Why John Deere Shares Jumped ... and Why There's More to Come

Although we don't believe in timing the market or panicking over market movements, we do like to keep an eye on big changes -- just in case they're material to our investing thesis. 

What: Shares of Deere climbed 4% in trade today as the farm-equipment maker announced plans to reward its shareholders with an additional share buyback program worth $8 billion.

So what: The $8 billion buyback will be a continuation to Deere's $5 billion share repurchase program running since May 2008. As of Oct. 31, $1 billion of that remained unexecuted. So in effect, Deere will buy back $9 billion worth of shares over the next few years. The company has already repurchased shares worth $11 billion since 2004.

Now what: Before trying to make sense of Deere's move, you need to know something about buybacks. Companies often buy back shares when their profits are expected to grow at slower rates, or even decline over the next few years, in order to deploy available cash and support earnings per share. In such cases, shareholders don't really benefit because the growth in EPS is backed by a decrease in outstanding share count (the denominator when calculating EPS) instead of an increase in profits (the numerator). Simply put, the wealth of existing shareholders actually dips in such a scenario.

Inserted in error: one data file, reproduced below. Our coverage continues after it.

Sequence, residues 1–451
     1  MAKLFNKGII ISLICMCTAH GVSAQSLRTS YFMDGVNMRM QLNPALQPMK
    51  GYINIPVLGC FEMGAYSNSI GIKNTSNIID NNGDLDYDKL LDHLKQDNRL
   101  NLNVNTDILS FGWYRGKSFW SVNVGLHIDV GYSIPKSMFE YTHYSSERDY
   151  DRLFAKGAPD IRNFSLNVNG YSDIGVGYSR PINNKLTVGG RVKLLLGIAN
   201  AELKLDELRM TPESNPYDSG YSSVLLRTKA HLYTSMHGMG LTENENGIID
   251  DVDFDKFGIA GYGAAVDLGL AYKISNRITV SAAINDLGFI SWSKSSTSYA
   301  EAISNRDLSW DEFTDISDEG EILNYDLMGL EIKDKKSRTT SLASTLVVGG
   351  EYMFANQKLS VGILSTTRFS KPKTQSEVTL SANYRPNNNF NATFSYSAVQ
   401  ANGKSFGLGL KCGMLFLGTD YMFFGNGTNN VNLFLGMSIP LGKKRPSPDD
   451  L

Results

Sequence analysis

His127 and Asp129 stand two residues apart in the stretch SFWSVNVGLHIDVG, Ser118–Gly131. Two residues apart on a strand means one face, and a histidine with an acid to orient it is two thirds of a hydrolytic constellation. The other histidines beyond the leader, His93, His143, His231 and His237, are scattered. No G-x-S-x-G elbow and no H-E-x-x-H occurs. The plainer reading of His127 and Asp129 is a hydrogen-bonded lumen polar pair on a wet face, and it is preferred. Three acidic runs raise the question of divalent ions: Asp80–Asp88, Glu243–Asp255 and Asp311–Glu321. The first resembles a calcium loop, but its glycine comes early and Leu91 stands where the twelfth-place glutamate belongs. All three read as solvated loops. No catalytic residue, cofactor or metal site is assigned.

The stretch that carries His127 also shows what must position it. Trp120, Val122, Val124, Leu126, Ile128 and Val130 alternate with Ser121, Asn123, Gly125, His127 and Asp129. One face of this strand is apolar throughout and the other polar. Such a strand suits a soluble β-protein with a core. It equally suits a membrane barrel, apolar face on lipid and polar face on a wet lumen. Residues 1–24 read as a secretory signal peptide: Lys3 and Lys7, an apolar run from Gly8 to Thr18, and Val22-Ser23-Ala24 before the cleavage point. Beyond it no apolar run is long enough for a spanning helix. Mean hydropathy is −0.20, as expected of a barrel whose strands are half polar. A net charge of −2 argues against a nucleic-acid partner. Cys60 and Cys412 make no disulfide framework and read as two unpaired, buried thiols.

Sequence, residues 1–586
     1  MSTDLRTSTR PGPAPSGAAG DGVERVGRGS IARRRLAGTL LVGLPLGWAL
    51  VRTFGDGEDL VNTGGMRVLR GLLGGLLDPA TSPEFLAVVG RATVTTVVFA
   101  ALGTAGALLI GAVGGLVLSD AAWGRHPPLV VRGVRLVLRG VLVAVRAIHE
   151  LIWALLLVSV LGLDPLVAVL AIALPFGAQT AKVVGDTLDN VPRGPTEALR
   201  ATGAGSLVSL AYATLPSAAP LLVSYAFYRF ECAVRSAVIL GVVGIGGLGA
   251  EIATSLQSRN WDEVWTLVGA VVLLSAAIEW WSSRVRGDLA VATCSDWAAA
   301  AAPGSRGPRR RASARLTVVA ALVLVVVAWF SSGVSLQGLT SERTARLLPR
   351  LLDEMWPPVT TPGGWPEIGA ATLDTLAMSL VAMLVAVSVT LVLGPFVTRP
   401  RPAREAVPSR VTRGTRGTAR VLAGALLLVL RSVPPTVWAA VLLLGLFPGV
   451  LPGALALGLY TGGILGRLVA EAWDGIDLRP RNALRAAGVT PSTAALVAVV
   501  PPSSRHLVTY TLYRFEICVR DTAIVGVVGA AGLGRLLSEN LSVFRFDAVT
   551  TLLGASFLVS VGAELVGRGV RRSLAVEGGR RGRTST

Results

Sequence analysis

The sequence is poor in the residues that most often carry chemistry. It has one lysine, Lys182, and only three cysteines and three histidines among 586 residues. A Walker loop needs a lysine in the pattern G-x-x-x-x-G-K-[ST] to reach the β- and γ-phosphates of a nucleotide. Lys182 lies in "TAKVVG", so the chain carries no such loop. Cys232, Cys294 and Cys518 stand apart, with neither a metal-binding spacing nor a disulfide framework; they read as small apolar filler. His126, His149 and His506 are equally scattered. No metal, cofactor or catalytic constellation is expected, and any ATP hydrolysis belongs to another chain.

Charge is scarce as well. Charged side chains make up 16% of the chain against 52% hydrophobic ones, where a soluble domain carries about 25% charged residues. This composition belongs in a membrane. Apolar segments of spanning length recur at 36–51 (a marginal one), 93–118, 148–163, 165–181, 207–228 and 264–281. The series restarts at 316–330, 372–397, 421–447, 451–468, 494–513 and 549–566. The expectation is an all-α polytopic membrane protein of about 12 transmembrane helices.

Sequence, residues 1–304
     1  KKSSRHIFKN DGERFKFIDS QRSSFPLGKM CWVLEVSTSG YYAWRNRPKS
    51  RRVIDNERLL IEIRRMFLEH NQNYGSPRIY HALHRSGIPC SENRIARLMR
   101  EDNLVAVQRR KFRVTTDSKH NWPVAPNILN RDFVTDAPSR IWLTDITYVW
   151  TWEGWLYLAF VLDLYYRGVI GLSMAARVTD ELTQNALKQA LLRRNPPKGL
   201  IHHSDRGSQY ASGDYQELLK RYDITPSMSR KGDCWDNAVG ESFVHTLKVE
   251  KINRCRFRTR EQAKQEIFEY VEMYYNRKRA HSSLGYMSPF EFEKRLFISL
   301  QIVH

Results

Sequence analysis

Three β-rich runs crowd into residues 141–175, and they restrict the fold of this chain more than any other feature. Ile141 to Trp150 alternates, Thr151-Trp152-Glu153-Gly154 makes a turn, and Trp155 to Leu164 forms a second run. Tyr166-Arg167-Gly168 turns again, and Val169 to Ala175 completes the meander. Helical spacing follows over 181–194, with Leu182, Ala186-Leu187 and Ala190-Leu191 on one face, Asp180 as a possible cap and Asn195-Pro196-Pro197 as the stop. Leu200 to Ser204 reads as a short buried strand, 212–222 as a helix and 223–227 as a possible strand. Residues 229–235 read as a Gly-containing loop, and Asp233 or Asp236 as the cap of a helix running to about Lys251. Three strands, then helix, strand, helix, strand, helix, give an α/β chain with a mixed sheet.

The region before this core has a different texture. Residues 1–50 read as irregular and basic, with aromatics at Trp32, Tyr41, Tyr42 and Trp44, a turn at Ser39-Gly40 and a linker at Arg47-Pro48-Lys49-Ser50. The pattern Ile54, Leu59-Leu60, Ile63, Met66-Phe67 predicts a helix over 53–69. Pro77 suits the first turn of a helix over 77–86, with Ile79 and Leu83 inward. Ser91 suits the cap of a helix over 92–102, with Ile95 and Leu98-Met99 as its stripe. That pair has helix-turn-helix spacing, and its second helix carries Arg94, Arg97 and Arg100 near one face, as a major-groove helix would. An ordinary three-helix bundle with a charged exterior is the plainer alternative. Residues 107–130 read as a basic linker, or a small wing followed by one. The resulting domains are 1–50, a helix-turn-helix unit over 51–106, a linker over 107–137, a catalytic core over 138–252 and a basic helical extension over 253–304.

Fortunately, that's not the case with Deere. Analysts estimate Deere's earnings to grow 8% over the next five years. That should keep the company's cash boxes ringing. Deere already has a strong balance sheet, with $900 million in free cash flow and more than $5 billion in cash and equivalents for the financial year ended Oct. 31. Deere has increased dividends by 82% since 2010, and has returned nearly 60% of its operating cash to shareholders in the form of dividends and buybacks since 2004.

Investors should know that Deere has prioritized its cash outlay well, with share repurchases ranking as the last option after the company has taken care of its debt level and rating, funding its expansion plans, and growing its dividends. So the latest buyback announcement indicates management's confidence in the company's growth prospects in coming years, which is great news for investors. Solid brand image, great global presence, and dominance in the global farm-equipment market should continue to boost Deere's profits. And when it wants to share those gains with its shareholders, the stock certainly calls for attention.

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The article Why John Deere Shares Jumped ... and Why There's More to Come originally appeared on Fool.com.

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